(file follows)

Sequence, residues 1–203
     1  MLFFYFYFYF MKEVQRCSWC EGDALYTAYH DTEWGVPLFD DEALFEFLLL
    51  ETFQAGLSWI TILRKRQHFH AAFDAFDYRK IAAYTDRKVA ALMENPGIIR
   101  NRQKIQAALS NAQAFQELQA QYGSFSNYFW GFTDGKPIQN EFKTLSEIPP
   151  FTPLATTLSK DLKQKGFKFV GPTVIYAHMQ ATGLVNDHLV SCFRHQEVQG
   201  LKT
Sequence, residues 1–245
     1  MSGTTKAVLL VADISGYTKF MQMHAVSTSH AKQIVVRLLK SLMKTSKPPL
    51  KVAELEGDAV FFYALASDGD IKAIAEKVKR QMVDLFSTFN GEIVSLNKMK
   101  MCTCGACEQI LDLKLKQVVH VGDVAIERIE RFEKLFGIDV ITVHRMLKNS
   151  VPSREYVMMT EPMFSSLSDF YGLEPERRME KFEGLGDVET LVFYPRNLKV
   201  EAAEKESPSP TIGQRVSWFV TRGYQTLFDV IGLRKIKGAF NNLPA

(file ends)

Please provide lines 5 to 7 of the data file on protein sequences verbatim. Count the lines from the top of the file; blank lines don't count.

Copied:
   151  FTPLATTLSK DLKQKGFKFV GPTVIYAHMQ ATGLVNDHLV SCFRHQEVQG
   201  LKT
Sequence, residues 1–245